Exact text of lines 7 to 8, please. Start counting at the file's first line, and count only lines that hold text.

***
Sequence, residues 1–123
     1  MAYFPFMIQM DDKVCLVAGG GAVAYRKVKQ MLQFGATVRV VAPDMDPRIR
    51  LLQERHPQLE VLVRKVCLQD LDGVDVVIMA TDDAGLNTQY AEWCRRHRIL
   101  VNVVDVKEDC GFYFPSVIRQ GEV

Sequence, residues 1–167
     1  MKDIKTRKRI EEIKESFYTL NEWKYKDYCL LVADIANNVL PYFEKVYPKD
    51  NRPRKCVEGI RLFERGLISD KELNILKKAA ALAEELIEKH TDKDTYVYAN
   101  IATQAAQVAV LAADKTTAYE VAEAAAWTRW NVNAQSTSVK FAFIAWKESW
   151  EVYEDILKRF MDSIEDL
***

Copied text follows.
    51  NRPRKCVEGI RLFERGLISD KELNILKKAA ALAEELIEKH TDKDTYVYAN
   101  IATQAAQVAV LAADKTTAYE VAEAAAWTRW NVNAQSTSVK FAFIAWKESW